The drive for constitutional reform in the 1780’s was largely motivated by the perception that until the Federal government was strengthened the United States would not be able to meet its foreign and security policy challenges. Once I put the foreign and security policy difficulties of the 1780’s on the table, I will address two questions: First, why does The Federalist argue for the foreign and security policy need for the Union when nobody who opposes the 1787 Constitution argues against the “perpetual Union” created by the Articles? Second, what is the pressing “crisis” in foreign and security matters that, in Publius’s view, should persuade the remaining states to ratify the constitution hastily?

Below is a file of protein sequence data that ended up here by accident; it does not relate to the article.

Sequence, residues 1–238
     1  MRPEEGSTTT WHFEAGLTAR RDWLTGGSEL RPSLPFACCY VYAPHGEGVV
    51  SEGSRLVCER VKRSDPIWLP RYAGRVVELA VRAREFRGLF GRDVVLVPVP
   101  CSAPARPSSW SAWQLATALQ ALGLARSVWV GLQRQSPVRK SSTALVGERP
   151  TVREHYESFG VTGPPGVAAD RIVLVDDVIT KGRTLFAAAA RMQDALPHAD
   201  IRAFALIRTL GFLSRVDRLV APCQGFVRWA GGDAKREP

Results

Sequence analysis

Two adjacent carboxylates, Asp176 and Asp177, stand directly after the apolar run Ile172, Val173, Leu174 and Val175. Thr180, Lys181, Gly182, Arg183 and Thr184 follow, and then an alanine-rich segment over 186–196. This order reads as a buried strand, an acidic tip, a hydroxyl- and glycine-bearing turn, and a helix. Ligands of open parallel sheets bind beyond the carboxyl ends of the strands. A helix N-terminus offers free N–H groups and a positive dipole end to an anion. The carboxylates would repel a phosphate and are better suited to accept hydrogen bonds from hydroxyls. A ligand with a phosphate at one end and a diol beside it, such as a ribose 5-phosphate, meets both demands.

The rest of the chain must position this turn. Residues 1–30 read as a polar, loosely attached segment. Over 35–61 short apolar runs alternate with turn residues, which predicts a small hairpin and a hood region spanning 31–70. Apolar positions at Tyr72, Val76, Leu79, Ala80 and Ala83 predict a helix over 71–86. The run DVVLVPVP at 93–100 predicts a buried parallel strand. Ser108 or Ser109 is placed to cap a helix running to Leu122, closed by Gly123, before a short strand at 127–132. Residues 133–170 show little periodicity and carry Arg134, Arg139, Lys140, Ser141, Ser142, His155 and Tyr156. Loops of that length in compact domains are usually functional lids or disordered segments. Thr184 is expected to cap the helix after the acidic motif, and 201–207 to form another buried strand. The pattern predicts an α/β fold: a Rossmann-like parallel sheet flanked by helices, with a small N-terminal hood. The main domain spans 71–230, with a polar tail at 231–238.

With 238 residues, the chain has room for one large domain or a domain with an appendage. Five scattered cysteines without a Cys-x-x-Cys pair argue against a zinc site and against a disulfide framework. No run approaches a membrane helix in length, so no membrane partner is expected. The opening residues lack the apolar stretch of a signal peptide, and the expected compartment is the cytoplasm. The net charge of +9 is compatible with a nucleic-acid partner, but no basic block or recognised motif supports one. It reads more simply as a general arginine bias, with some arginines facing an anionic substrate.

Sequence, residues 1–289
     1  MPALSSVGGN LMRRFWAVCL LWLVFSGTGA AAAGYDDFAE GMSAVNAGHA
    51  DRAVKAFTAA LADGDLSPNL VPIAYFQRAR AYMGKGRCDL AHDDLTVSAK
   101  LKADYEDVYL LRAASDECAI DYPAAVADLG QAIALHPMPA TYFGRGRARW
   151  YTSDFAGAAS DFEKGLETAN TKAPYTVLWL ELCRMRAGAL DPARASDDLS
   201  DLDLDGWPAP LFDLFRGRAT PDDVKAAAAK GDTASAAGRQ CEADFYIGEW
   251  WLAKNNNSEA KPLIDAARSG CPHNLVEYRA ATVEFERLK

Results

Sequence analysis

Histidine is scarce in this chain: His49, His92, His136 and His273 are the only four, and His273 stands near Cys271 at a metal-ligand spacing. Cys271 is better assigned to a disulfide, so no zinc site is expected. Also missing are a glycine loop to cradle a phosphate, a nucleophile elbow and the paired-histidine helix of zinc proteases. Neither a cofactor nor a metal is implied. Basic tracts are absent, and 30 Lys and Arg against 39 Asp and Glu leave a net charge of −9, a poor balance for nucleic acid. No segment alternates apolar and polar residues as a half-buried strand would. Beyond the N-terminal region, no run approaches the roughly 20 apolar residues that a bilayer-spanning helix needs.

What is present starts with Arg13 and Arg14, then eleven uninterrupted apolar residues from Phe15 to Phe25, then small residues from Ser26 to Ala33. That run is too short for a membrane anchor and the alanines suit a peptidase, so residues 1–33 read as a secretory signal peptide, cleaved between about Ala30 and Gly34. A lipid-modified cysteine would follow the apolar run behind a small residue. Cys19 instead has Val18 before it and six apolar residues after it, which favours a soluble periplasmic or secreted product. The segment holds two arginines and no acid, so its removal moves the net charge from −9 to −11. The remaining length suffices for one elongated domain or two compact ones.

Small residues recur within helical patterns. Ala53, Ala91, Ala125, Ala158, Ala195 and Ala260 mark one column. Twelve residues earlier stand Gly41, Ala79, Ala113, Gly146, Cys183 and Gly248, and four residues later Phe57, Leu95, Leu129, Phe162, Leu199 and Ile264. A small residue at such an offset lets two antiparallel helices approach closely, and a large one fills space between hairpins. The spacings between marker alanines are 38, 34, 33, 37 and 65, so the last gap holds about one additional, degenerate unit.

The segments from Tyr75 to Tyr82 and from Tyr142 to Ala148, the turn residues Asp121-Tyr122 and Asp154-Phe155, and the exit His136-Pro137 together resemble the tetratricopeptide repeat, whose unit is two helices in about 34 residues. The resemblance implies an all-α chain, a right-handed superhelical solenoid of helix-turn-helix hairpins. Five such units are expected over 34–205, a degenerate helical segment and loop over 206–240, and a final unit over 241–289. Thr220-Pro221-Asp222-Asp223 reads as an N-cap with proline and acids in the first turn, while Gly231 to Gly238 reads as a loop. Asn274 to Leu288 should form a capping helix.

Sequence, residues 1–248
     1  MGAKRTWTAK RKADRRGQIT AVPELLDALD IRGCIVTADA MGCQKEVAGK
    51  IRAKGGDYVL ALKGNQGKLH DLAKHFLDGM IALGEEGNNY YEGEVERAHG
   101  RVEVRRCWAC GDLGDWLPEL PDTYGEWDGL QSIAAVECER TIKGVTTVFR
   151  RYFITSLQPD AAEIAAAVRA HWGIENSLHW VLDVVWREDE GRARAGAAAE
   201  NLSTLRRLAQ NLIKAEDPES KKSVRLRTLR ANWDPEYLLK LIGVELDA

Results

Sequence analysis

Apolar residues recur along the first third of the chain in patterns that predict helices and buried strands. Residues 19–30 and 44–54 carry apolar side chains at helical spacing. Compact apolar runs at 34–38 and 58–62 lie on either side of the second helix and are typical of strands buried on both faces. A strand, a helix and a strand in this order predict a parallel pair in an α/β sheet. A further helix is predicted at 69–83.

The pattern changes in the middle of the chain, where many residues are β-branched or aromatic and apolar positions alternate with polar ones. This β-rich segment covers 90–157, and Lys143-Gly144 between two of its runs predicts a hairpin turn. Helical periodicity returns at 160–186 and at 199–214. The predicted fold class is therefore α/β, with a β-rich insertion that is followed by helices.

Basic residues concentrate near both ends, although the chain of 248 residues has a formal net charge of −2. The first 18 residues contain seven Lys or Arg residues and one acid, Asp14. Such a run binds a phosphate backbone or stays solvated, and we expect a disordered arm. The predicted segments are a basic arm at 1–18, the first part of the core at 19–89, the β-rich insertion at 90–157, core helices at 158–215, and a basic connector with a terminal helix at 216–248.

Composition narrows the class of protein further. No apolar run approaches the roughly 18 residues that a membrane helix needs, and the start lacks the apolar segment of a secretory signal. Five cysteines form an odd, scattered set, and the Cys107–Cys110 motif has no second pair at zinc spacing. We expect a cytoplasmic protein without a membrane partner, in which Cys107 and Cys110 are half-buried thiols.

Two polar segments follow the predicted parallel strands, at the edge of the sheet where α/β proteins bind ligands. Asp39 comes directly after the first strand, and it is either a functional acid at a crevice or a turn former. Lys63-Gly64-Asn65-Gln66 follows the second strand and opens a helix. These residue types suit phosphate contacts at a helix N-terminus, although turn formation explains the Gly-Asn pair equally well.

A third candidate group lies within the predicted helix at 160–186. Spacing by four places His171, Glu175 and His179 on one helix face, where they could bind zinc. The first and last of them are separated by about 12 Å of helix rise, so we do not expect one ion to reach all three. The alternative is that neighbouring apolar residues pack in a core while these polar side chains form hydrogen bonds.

Thursday, April 9, 2015
Kochin on the Framers and National Security
Michael S. Kochin Tel Aviv University and Claremont McKenna College, has posted The Constitution Viewed from Without: